The US building rules' inclusion of hemp construction, according to Matt Marino, a hemp builder from Homeland Hempcrete in North Dakota, helped lend validity to the trade. We can standardize their delivery using this tool, he continued. I'm excited to see what direction this industry may go because this is just the beginning.
Builders of single-family homes will benefit from hempcrete's inclusion in residential codes, but it still must be permitted under the model International Building Code (IBC), which guides all residences not covered by the IRC. This will allow hempcrete to be used in commercial buildings without requiring a variance. In 2025, submissions will be accepted for the IBC, which is subject to renewal every three years.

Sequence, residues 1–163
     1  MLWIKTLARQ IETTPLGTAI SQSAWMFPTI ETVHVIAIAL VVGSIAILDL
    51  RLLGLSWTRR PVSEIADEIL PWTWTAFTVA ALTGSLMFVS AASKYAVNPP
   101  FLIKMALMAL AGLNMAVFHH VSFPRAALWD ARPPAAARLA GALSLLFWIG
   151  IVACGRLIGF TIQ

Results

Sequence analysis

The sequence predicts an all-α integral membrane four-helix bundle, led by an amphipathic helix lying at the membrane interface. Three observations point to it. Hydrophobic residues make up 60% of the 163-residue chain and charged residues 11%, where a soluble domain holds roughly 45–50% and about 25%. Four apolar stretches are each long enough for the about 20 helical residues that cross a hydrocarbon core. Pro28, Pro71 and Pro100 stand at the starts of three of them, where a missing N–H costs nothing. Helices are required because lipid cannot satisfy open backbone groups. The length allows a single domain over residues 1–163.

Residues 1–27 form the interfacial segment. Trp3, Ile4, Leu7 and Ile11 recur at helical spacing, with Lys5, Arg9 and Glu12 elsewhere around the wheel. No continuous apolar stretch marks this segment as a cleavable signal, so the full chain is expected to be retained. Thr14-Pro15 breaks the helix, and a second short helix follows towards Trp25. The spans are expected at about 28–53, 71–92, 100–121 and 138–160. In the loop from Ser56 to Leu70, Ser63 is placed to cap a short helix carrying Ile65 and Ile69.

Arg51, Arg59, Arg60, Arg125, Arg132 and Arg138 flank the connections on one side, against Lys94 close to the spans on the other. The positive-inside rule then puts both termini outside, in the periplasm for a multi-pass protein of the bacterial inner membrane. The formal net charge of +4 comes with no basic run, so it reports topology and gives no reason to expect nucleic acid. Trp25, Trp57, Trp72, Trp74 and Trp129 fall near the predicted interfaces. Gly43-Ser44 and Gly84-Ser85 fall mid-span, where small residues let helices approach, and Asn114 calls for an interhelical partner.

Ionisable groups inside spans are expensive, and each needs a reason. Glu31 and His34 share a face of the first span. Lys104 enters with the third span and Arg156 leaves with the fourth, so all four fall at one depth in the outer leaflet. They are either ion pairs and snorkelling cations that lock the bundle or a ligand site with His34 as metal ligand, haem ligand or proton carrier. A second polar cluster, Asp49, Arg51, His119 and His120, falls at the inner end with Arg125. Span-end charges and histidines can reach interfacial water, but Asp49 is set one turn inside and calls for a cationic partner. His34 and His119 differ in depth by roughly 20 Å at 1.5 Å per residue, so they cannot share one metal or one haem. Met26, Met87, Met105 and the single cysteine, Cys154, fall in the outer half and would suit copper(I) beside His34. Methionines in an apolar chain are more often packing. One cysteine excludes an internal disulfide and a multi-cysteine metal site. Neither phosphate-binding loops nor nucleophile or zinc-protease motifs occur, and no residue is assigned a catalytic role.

Voting members of the ICC committee are employed by governmental organizations tasked with ensuring the health and safety of the general public and, in the words of the group, have no financial interest in the result.
Hempcrete or hemp-line will finally ‘officially’ be used as a building material in the construction of homes in the United States after years of unofficial use. Lots of builders favor the material due to its fire, pest, and mold-resisting characteristics and, of course, its sturdiness. That, accompanied by its carbon sequestering properties, make hemp-lime a very useful material to engineers and builders alike. However, it won't be fully official till the 2024 implementation of appendix BA.